Gender differences in PTSD symptoms: an exploration of peritraumatic mechanisms

J Anxiety Disord. 2011 Mar;25(2):209-16. doi: 10.1016/j.janxdis.2010.09.004. Epub 2010 Sep 17.

Abstract

Females are at higher risk than males for developing posttraumatic stress disorder symptoms (PTSS) following exposure to trauma, which may stem from gender differences in initial physiological and psychological responses to trauma. The present study aimed to examine a number of peri- and initial posttraumatic reactions to motor vehicle accidents (MVAs) to determine the extent to which they contributed to gender differences in PTSS. 356 adult MVA survivors (211 males and 145 females) reported on peritraumatic dissociation, perception of life threat and initial PTSS. In addition, heart rate and urinary cortisol levels were collected in-hospital. 6 weeks and 6 months later, PTSS were assessed via clinical interviews. Results suggested that initial PTSS and peritraumatic dissociation were marginally significant mediators at 6-week follow-up and significant mediators at 6-month follow-up, providing partial support for the hypothesis that initial responses to trauma may account for observed gender differences in PTSS development.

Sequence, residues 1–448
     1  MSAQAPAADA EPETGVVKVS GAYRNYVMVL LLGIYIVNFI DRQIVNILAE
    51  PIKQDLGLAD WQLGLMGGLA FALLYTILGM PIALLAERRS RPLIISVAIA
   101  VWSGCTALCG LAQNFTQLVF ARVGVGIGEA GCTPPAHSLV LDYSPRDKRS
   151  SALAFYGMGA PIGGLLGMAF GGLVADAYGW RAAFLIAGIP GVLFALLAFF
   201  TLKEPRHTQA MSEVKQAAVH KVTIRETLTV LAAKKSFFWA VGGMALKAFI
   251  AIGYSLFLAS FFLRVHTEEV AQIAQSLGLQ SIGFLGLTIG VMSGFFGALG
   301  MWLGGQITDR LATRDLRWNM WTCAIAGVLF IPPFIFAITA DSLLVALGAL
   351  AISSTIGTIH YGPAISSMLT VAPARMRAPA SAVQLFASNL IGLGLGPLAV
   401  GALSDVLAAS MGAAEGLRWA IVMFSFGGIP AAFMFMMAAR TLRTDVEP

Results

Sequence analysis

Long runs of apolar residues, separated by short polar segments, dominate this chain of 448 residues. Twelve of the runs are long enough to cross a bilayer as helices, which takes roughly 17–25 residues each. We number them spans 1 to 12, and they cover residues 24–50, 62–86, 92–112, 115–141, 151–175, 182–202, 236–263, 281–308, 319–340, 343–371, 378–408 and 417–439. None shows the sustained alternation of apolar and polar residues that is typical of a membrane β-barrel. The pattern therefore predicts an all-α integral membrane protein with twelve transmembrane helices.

Publication types

  • Research Support, N.I.H., Extramural

MeSH terms

  • Accidents, Traffic / psychology*
  • Adolescent
  • Adult
  • Analysis of Variance
  • Female
  • Humans
  • Injury Severity Score
  • Life Change Events
  • Male
  • Psychiatric Status Rating Scales
  • Risk Factors
  • Sex Characteristics*
  • Stress Disorders, Post-Traumatic / diagnosis*
  • Stress Disorders, Post-Traumatic / psychology*
  • Survivors / psychology*